The “Arming All Pilots Act” Amendment and a Bipartisan Amendment with Sen. Edward Markey

WASHINGTON, D.C. – U.S. Senator Rand Paul this week introduced two amendments to the Federal Aviation Administration (FAA) Reauthorization Act of 2016. The first amendment, known as the Arming All Pilots Act (S.1594), would increase training opportunities to encourage pilots to participate in the Federal Flight Deck Officer (FFDO) Program. Sen. Paul’s second bipartisan amendment, introduced alongside Sen. Edward Markey (D-MA), would protect an individual’s right to privacy against unwarranted governmental intrusion through the use of unmanned aerial vehicles, commonly known as drones.

Specifically, the Arming All Pilots Act as an amendment would expand the number of training facilities used for initial and recurrent training, including firearms requalification. Additionally, the bill will require a five-day initial training, with two days of in-person classroom attendance and additional on-line training options. Recurrent training for officers would be set at two days every five years. Sen. Paul originally introduced the Arming All Pilots Act in June 2015.

“The Federal Flight Deck Officer Program is an important element in our continued efforts to ensure the safety of airline passengers, and my amendment will make it possible for more pilots to get trained and protect flyers. Pilots regularly tell me they’ve experienced problems with the availability of training under the current program; my amendment addresses those concerns and ensures that participants in the program have the critical training they need,” Sen. Paul said.

The second bipartisan amendment would prohibit law enforcement from using a drone to surveil or collect evidence pertaining to a violation of a law or regulation without a warrant. While the use of drone aircraft and technology continues to expand in all areas of the government, the amendment will ensure the protection of every American citizen’s right to constitutional privacy protections.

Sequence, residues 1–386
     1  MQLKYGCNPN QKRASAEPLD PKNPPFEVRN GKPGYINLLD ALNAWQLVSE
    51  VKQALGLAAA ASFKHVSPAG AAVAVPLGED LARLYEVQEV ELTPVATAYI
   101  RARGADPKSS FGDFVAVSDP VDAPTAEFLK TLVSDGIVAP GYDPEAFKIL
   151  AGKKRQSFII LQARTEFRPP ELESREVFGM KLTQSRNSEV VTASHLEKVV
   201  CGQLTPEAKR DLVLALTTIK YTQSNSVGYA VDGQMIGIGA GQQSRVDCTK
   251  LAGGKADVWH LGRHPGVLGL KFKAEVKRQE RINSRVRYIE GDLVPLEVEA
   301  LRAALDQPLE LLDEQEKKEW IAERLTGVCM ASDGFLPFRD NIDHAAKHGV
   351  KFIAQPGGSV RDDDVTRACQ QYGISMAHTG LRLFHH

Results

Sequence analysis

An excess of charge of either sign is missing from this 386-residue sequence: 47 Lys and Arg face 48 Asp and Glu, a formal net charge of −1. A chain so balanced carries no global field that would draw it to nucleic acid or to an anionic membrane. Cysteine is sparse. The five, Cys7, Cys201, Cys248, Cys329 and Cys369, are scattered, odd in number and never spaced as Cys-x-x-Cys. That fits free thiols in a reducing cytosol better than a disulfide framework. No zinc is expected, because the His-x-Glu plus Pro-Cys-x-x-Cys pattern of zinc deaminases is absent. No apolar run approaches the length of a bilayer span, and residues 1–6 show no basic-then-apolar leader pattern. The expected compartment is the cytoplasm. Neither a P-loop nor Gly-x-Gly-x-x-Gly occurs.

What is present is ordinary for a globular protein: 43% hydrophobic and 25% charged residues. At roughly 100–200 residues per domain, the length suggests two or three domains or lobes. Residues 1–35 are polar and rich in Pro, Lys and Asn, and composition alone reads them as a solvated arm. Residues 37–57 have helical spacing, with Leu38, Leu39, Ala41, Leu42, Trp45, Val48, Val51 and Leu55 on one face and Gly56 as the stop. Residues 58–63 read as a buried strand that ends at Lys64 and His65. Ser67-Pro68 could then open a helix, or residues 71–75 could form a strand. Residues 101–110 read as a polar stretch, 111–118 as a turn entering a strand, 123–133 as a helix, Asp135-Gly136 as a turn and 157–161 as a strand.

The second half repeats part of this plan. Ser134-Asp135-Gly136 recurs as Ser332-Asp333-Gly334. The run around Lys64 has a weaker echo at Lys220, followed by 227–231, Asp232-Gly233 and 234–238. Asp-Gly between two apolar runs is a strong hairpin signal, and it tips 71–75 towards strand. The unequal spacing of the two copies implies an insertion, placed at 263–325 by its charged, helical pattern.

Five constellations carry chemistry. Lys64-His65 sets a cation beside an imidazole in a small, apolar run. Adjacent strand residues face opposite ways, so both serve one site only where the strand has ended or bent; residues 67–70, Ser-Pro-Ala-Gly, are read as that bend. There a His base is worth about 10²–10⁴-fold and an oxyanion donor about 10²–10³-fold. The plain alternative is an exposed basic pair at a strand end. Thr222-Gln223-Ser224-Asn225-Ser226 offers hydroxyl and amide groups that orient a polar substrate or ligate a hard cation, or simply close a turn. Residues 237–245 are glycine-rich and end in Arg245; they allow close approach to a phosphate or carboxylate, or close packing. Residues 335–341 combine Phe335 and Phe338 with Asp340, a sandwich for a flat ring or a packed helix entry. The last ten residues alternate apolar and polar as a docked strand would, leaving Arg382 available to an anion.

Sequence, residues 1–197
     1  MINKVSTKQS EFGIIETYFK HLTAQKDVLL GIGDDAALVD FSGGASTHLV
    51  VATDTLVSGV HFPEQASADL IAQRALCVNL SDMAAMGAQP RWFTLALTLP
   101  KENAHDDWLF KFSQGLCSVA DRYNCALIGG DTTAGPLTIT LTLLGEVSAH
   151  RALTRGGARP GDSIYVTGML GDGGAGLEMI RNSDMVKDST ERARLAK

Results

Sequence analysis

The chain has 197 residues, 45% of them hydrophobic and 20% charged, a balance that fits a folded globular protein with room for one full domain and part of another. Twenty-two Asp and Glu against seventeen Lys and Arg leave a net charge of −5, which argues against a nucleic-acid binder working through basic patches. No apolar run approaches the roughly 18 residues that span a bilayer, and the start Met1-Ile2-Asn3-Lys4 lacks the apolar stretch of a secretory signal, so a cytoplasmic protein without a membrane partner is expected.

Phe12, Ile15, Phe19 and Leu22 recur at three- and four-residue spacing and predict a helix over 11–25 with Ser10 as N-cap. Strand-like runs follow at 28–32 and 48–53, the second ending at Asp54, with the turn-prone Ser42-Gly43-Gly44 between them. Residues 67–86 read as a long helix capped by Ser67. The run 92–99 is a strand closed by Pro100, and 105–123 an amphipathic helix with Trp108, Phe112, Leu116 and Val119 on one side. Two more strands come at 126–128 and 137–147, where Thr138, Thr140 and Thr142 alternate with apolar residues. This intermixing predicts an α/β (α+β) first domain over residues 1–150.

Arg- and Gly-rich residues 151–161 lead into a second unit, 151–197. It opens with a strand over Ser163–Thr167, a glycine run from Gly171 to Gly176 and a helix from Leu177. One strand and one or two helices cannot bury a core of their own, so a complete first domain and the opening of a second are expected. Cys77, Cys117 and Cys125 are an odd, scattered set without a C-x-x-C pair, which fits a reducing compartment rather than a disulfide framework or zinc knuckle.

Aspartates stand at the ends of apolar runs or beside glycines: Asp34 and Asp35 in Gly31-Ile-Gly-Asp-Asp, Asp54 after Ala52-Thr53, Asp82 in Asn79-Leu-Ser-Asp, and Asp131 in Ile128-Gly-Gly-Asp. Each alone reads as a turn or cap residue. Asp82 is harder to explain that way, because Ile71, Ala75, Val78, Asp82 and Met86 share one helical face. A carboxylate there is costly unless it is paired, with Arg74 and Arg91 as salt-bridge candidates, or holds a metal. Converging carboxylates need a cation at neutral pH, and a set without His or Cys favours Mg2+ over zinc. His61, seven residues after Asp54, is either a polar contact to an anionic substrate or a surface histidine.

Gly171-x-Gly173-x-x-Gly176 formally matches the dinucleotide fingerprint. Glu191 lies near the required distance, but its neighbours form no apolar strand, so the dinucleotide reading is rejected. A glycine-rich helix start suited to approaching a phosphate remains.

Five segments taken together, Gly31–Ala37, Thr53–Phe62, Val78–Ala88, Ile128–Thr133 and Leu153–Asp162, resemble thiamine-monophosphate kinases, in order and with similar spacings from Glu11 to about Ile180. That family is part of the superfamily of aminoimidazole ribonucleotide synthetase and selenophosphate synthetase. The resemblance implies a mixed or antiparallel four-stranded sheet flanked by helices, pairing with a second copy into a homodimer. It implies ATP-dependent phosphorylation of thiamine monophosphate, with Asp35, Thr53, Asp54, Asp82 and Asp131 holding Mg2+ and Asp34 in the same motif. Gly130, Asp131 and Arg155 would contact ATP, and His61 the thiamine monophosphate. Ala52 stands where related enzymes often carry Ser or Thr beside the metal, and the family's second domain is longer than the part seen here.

“The use of drone surveillance may work on the battlefields overseas, but it isn’t well-suited for unrestrained use on the streets in the United States. Congress must be vigilant in providing oversight to the use of this technology and protection for rights of the American people. I will continue the fight to protect and uphold our Fourth Amendment,” said Sen. Paul.

“Just as we have rules of the road for manned vehicles, we now need rules of the sky for unmanned ones,” said Sen. Markey, a member of the Commerce, Science and Transportation Committee, which has jurisdiction over the FAA. “Requiring that law enforcement obtain a warrant before using a drone ensures we reap the economic and educational benefits of drones while ensuring the privacy of Americans is protected. I thank Senator Paul for his partnership on this amendment, and I look forward to fighting to ensure that Americans are guaranteed strong personal privacy protections as these new vehicles take flight.”

To read the Arming all Pilots in its entirety, click HERE. Top-line bullet points and background information on the amendment introduced with Sen. Markey can be found below, and the text can be found HERE.


  • Prohibits the use of drones owned or funded by the federal government in an evidence-collection or surveillance capacity unless a warrant authorizing the action has been obtained.
  • Includes the following exceptions:
    • Patrol of national borders;
    • When there is imminent danger to life;
    • High risk of a terrorist attack.
  • Specifies that no evidence obtained or collected in violation of this amendment can be used/admissible as evidence in a criminal, civil, or regulatory action.


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